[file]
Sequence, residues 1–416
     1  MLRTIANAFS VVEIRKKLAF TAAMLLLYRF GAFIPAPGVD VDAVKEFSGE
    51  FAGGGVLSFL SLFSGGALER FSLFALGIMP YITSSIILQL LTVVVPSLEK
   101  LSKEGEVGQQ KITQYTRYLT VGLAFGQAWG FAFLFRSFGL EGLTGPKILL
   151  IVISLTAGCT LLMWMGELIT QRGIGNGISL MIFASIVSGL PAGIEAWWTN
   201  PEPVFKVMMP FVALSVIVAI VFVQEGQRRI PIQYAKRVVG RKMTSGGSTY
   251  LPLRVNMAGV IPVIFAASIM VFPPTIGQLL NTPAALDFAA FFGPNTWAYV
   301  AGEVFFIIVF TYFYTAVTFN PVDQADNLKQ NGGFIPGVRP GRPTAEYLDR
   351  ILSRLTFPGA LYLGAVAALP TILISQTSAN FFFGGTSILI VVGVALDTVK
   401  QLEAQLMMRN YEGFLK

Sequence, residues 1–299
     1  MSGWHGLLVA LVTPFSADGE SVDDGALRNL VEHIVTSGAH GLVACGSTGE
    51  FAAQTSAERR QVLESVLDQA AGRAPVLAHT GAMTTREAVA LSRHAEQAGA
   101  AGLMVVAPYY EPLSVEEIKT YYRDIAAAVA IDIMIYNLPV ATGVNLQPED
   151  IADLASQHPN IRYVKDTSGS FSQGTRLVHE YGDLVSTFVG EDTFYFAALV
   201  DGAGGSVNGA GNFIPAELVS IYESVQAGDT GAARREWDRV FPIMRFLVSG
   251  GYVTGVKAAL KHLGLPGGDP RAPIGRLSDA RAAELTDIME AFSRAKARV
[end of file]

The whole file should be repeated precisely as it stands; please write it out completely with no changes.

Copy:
Sequence, residues 1–416
     1  MLRTIANAFS VVEIRKKLAF TAAMLLLYRF GAFIPAPGVD VDAVKEFSGE
    51  FAGGGVLSFL SLFSGGALER FSLFALGIMP YITSSIILQL LTVVVPSLEK
   101  LSKEGEVGQQ KITQYTRYLT VGLAFGQAWG FAFLFRSFGL EGLTGPKILL
   151  IVISLTAGCT LLMWMGELIT QRGIGNGISL MIFASIVSGL PAGIEAWWTN
   201  PEPVFKVMMP FVALSVIVAI VFVQEGQRRI PIQYAKRVVG RKMTSGGSTY
   251  LPLRVNMAGV IPVIFAASIM VFPPTIGQLL NTPAALDFAA FFGPNTWAYV
   301  AGEVFFIIVF TYFYTAVTFN PVDQADNLKQ NGGFIPGVRP GRPTAEYLDR
   351  ILSRLTFPGA LYLGAVAALP TILISQTSAN FFFGGTSILI VVGVALDTVK
   401  QLEAQLMMRN YEGFLK

Sequence, residues 1–299
     1  MSGWHGLLVA LVTPFSADGE SVDDGALRNL VEHIVTSGAH GLVACGSTGE
    51  FAAQTSAERR QVLESVLDQA AGRAPVLAHT GAMTTREAVA LSRHAEQAGA
   101  AGLMVVAPYY EPLSVEEIKT YYRDIAAAVA IDIMIYNLPV ATGVNLQPED
   151  IADLASQHPN IRYVKDTSGS FSQGTRLVHE YGDLVSTFVG EDTFYFAALV
   201  DGAGGSVNGA GNFIPAELVS IYESVQAGDT GAARREWDRV FPIMRFLVSG
   251  GYVTGVKAAL KHLGLPGGDP RAPIGRLSDA RAAELTDIME AFSRAKARV